Rocky Dhir: So it’s interesting, because when you’re talking about Keller Williams and I’d say maybe peer companies, ones that are at that size level, you’re talking a lot about studying data, collecting and studying data and figuring out how to use that data to better the user experience.
When we’re talking about lawyers and law firms, and I guess Keller Williams is a consumer of legal services, you’re talking more about response times.
Josh Team: Yeah, oh yeah, so and this is — you and I had spoke on the phone before this, but this is where from a client, a lawyer to me in the legal firm is not a whole lot different than my advertising firm or my accounting firm or these are all just shared services that helped me achieve my business objectives.
And I’ve got a P&L on how do we achieve my business objective as fast as possible to the highest degree as possible to win. And speed right now is one of our metrics because we’re getting pressure on lots of fronts. And so, when we talk to and evaluate our legal partners, that is an extremely important metric, whether it be our IP attorneys, whether it be —
And here’s an example, so for instance, the Boeing is in the news recently because they had software that convinced the plane that it needed to go down and that created catastrophe. We’ve got technology going into autonomous cars and that autonomous cars, the software made a decision that ended up killing someone.
We’ve got technology going into pacemakers. We’ve got technology that’s doing open-heart surgeries, we’ve got technology that’s going like in every parts of our life. Behind each one of those decisions was billions of dollars of capital investments to try to leverage technology to take market share, these were features people were building. These are new products people are building.
We need an attorney in that or a legal presence in that decision-making so that we can make eyes wide open decisions. And so, if you imagine you’ve got five companies all trying to build the autonomous car right now, there’s an arms race on who is going to get there first. The people that get there first, it’s worth upwards of tens of billions of dollars of market capitalization for them.
So the value for and from a legal consultant to that organization is, who is going to be the best partner to move at that pace, to help them achieve the best product possible, understanding the pros and cons and the legal risk of these decisions, and that’s speed to market.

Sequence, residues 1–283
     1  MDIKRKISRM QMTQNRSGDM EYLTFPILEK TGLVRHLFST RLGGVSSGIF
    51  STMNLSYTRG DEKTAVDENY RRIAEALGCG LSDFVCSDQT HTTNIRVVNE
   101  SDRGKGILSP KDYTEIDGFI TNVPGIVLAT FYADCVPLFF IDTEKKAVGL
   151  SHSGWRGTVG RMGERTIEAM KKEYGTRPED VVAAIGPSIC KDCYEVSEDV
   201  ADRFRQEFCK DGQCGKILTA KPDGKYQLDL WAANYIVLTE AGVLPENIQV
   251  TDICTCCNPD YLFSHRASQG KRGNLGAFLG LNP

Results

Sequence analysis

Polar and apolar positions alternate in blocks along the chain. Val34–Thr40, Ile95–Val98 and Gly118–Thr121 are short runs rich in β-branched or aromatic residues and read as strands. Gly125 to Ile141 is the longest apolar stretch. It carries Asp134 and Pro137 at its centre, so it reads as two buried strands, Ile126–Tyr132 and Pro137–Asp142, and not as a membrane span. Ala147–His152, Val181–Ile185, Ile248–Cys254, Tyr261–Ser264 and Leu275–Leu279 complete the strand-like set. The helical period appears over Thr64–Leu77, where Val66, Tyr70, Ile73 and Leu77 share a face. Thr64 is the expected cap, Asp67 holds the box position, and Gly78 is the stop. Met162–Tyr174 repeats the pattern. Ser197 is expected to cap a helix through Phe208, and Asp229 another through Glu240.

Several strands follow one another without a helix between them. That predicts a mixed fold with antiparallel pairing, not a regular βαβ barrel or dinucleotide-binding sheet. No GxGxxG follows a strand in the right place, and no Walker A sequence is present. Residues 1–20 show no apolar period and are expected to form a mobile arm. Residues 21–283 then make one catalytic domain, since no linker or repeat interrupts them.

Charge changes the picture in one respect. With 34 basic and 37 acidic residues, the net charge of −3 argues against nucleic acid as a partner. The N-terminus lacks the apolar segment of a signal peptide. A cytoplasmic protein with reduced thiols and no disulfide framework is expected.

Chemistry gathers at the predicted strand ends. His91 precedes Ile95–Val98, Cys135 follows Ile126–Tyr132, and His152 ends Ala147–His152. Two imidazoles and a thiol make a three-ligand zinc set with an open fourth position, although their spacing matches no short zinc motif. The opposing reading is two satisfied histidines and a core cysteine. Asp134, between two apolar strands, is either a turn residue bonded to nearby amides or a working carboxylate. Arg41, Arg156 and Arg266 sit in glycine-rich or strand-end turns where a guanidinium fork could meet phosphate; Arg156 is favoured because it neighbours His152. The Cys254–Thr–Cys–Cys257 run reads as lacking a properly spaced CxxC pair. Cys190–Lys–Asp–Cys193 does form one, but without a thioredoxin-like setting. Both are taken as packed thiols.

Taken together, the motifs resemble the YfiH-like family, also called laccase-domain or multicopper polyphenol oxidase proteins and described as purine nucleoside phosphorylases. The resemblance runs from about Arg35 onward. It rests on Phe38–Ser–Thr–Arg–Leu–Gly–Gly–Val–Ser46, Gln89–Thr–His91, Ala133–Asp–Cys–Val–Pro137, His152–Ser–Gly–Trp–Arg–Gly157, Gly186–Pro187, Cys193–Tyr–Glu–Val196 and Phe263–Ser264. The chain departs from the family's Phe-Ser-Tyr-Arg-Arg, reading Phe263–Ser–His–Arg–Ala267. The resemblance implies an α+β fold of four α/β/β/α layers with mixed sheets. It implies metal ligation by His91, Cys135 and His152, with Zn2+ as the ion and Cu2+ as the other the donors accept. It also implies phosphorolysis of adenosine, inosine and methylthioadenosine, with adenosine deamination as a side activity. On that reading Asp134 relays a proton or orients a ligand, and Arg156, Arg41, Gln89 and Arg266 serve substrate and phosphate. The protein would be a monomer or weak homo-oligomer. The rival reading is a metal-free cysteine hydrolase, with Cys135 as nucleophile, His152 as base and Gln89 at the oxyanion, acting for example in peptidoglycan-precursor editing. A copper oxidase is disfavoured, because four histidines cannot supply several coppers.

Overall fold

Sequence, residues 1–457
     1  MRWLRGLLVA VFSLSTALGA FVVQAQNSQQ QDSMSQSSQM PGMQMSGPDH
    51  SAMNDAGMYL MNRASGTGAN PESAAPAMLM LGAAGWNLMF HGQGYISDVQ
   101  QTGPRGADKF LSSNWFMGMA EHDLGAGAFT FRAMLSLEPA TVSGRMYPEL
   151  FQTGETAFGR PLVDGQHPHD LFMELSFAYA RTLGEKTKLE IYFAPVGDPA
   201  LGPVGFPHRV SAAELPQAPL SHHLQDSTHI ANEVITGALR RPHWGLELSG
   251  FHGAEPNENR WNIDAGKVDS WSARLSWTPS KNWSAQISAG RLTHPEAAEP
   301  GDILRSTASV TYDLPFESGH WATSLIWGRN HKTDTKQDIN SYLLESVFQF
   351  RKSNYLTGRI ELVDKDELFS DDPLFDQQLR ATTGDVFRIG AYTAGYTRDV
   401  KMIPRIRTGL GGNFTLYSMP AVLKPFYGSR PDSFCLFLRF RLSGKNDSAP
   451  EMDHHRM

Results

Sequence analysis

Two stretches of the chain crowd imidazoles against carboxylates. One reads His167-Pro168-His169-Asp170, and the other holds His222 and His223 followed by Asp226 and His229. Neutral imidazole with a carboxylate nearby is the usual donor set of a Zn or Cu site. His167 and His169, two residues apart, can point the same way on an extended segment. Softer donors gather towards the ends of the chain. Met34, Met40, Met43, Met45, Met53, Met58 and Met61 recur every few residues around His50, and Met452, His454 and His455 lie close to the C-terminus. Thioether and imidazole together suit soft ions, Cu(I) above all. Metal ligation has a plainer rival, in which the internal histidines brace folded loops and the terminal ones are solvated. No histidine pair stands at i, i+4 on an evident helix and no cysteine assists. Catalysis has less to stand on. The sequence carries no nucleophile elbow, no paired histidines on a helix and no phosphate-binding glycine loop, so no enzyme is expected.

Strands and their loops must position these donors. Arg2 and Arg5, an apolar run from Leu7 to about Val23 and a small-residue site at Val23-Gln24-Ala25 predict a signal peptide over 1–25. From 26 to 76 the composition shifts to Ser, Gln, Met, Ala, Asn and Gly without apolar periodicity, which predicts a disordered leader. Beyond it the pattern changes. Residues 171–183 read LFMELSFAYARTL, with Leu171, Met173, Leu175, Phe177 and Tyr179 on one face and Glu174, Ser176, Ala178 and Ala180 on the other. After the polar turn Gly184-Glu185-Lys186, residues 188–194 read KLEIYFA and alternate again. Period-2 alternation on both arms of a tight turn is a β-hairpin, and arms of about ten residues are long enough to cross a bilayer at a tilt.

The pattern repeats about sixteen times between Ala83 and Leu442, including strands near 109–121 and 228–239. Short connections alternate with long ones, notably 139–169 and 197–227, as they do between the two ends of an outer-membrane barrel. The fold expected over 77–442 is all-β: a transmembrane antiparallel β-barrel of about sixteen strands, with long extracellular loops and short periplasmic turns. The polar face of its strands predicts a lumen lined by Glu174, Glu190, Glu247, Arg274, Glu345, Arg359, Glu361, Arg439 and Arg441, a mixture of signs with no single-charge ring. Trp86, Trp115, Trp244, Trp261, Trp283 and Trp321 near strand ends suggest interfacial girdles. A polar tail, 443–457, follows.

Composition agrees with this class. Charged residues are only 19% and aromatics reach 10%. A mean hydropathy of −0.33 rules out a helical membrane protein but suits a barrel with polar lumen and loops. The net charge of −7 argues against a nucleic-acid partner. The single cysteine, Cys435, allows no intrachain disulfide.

If you could do across every vertical rather it be in the aircraft, rather it be medical, rather be in real estate, like there’s a massive push at every vertical in industry right now to create new products, new services, averaging new data and the organizations that can partner in a strategic way to help them make those decisions quickly will win.
Rocky Dhir: So let’s talk about brass tacks, what we as lawyers can do and let’s try to get some concrete takeaways in terms of how we need to kind of maybe rethink or reevaluate or study our practices. So we talk about response times, kind of saying look, we don’t have a month to consider this, we have maybe a week.
And so it sounds like we as lawyers need to compress our analytical time and come back to you with faster decisions, is that fair or unfair?
Josh Team: Yeah I mean I think every business case is unique. I think one of the things that was — most recently we had a business problem and we went out to three firms and we offer recommendations and they were of all different sizes, there was a small, there was a solo practitioner, there was a small firm and a big firm.
And we given all the same problem and what was interesting was the larger firm spent a lot of time talking about when we first met, talking about their credentials and their process. The small firm kind of a hybrid did an analysis of what we were doing, plus what they were doing and the solo practitioner who we ended up awarding the work to and are still in relationship with came back and actually changed the whole conversation.
They said what’s your business objective? What are you trying to accomplish in the first meeting? And so, we had a whole conversation in the first meeting around what we were trying to accomplish and then they came back and talked about how they were going to be a member of that team, how they could be our team helping us achieve that objective.
And so we awarded the work to them because they were able to — we felt, best position and to join us on our journey of being a — achieving our business objective.
So I would say response times of course, but I think every client always universally, will always say they want faster results. So I think that’s going to be a maximum. I think the one thing that I would say from my experience that is as the world is getting hazier and hazier around data and technology and innovations, the firms or the attorneys that can actually partner as a strategic adviser and help you navigate this very murky area and help you make calculated decisions as almost like an extension of your team and understanding your business objectives are going to win.
And I think that’s my personal experience.
Rocky Dhir: So let’s maybe talk about the difference then between say a lawyer versus a business partner. It sounds like that’s kind of the terms we’re using there. So you’ve got a lawyer who kind of gives you legal advice and you’ve got a partner, who’s using their legal degree to help Keller Williams further a business objective, right, that seems to be the two sides of the coin.